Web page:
Can CCP build a society of harmony?

Zhang Kai



Recently, Hu Jintao, holding the top position of the party, military and state leadership, declared that the building of a socialist society of harmony is one of the primary tasks of the Chinese Communist Party in initiating the socialist cause with Chinese characteristics. He said, the society should be one where there is democracy, justice, honesty, friendship, dynamism, order, tranquility, and harmony with nature.

Wen Jiabao, the Premier, also stressed that building a socialist society of harmony is a key mission in the Government’s Work Report.

These statements come at a time when China has experienced over two decades of capitalist market economy. The State Council, on February 24, issued a document “On encouraging and supporting individually or privately run businesses in the non-public sector”. The People’s Daily reported that privately run enterprises now constitute about 40% of the nation’s industrial added value and income from sales, and over 60% of the nation’s commodity sales and retail sales. Together with foreign capital, the non-public sector now constitutes over half of China’s GDP, and the majority of jobs for urban and non-agricultural sectors.

These figures unequivocally tell us that in China, the capitalist market economic forces are predominant. The Government’s Work Report declared that China would “implement its promises in its accession to the WTO, continue to lower customs tariffs, enlarge opened areas… and fully let go the right over foreign trade.” The pillars supporting a non-capitalist state have been eroded.

Wen Jiabao’s Report acceded to underlying problems and contradictions: the agricultural base is weak, peasants’ increase in income is difficult, strain of energy is acute, and pressure for inflation is high. At the same time, social tensions have aggravated, and the situation in the rural is particularly serious. The pressures from unemployment, irrational economic structure, and low level of skills are all bothering the government and society. Corruption, bureaucratism, inefficiency, extravagance are listed.

If the Government Report is vague about these problems, social surveys give the details. The Social Sciences Academy’s “Analyses and Projections of the Social Situation” 2004-2005 listed the following seven problems: 1. About 40 million peasants are landless; 2. Income discrepancy is such that in a survey of 50,000 urban households in the first half of 2004, the 10% highest income group had a dispensable income of RMB 13,322 yuan, whereas the lowest 10% income group had only 1,397 yuan to dispense with; 3. Every year, 24 million people enter the labour market, but new jobs are only 9 million a year; 4. Poverty alleviation remains a daunting task, and the level of absolute poverty in the countryside is per capita annual income of 625 yuan, which is lower than the United Nations level of about 900 yuan; 5. Anti-corruption can rely only on political systemic reform, yet the forces against corruption are too weak in China; 6. Sustainable development is seriously constrained by resources, energy and environment; 7. Despite the rapid economic growth in the last two years, the degree of contentment with life among the low income groups is going down.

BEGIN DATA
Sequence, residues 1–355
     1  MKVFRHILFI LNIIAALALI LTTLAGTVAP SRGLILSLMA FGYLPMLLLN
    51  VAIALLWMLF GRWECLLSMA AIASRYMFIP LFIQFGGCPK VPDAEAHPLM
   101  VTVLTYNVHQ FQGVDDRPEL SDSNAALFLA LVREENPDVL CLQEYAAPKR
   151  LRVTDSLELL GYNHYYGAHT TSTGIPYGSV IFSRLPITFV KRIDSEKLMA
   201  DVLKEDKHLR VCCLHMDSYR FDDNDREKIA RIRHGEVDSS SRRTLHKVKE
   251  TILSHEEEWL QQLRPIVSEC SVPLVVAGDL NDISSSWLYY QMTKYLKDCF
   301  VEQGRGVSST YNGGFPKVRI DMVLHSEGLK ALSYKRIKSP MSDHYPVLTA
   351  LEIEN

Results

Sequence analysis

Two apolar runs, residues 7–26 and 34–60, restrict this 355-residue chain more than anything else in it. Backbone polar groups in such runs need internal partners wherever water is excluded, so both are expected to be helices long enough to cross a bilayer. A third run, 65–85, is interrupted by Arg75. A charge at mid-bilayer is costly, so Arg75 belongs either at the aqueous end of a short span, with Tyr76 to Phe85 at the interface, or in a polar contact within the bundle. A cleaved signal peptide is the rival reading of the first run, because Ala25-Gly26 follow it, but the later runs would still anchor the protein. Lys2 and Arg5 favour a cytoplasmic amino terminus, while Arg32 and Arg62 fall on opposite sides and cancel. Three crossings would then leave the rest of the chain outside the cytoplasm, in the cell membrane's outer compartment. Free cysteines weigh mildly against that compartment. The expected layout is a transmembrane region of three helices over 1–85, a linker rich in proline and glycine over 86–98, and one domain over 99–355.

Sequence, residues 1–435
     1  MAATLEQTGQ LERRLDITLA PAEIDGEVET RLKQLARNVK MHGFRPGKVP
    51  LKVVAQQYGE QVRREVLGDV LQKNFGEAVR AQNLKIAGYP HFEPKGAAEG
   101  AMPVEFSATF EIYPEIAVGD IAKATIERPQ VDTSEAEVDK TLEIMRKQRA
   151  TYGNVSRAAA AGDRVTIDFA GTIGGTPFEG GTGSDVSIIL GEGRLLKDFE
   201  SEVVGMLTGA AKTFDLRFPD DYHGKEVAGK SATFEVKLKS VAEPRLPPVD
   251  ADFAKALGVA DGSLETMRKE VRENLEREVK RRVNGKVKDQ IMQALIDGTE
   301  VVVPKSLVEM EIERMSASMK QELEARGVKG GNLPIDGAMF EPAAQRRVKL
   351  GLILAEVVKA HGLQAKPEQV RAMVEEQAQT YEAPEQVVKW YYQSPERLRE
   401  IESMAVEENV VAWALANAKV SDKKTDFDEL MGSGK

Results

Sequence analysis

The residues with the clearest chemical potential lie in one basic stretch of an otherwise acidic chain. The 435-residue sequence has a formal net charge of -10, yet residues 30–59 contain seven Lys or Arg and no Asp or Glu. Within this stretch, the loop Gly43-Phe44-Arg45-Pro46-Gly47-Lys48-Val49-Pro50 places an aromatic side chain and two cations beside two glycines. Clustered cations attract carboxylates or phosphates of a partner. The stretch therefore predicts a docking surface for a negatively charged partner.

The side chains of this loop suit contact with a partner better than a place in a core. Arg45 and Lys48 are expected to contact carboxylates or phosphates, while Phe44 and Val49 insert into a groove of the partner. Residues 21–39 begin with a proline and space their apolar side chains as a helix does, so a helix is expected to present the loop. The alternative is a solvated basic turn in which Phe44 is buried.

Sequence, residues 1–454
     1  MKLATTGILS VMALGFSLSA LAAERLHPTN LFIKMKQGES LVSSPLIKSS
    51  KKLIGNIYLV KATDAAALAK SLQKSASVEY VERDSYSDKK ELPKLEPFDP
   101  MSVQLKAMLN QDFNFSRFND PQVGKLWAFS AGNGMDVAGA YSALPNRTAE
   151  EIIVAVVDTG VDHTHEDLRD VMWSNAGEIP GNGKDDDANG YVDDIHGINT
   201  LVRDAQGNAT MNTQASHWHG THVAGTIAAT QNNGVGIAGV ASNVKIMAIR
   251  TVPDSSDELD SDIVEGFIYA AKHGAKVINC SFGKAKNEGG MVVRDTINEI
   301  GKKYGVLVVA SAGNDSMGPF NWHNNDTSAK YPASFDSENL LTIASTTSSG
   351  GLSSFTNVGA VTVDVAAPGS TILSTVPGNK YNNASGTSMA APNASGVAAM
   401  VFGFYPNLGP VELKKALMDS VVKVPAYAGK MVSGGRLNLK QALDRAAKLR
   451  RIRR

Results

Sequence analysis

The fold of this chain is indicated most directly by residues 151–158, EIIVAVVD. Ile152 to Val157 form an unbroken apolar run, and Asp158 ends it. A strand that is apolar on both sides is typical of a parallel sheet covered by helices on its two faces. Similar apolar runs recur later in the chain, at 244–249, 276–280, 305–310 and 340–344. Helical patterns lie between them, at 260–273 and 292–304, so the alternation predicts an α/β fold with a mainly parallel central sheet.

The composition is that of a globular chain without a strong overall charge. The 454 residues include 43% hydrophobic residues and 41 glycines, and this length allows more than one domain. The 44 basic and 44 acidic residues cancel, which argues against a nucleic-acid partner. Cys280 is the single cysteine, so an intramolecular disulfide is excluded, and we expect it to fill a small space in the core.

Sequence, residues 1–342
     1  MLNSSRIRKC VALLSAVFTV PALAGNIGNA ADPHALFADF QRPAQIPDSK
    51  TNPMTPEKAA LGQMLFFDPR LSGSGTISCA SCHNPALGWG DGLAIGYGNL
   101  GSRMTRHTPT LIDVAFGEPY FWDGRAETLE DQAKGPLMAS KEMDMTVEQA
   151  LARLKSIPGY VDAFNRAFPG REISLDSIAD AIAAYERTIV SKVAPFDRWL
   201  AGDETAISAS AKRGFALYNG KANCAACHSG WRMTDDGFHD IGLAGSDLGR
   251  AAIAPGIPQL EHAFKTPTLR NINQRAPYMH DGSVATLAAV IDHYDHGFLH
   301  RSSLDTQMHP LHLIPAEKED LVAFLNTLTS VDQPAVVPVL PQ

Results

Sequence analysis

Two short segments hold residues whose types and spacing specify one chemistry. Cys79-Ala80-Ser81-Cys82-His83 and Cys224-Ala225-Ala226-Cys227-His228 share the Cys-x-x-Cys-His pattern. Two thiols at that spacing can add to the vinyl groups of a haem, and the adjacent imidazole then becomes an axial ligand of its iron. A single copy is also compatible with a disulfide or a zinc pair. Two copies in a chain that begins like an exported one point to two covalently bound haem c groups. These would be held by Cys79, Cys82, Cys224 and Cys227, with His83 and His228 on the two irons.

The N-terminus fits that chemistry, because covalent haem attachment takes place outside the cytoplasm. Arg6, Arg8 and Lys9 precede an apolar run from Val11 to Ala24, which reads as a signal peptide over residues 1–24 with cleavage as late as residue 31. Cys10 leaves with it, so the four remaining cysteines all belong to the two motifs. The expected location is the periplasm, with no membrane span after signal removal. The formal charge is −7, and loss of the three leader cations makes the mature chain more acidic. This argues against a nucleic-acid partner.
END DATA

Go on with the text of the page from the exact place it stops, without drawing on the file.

After China’s accession to the WTO, due to the influx of cheap agricultural products, peasants’ livelihood has gone for the worse. According to the latest World Bank Report, in these three years, average income of peasant households has gone down by almost 1%, and that of some peasant households in stark poverty has gone down by 6%.

The government has acknowledged the severity of the rural problems, and has promulgated a series of measures to alleviate the situation. For example, tariffs on agricultural products are lifted, and the state’s investment into agriculture this year is 70 billion yuan.

However, with the rampant corruption and graft, often, the state’s poverty alleviation relief funds do not reach the beneficiaries. A newspaper report said that in a village in Jilin Province, each peasant household was supposed to receive 5,000 yuan from the state’s 100,000 yuan relief funds, yet due to corruption, each peasant household got only 50 yuan. (Apple Daily, 23 March 2005, quoting East Asia Economic and Trade News.)

The large number of officials and cadres is a heavy burden on the ordinary folk. Cadres at the level of the county or below number 13.16 million, which means 26 ordinary people support one cadre. The total number of government-paid cadres is 45.72 million, and expenses over travel, reception and overseas training and visits used up, respectively, 300 billion, 200 billion and 250 billion yuan. (Ming Pao, 7 March 2005) It is also estimated that the debt of all village and township governments in China totaled 1 trillion yuan. The figures of the Agricultural Ministry show that up to the end of 2004, rural population was about 930 million, and rural debt was equivalent to 1,075 yuan for each peasant, which was about 40% of their annual income.

With rising social discontent, the government has gone for further political repression. Government control over the internet has stepped up, but this can hardly suppress the people’s voices demanding justice and political reform.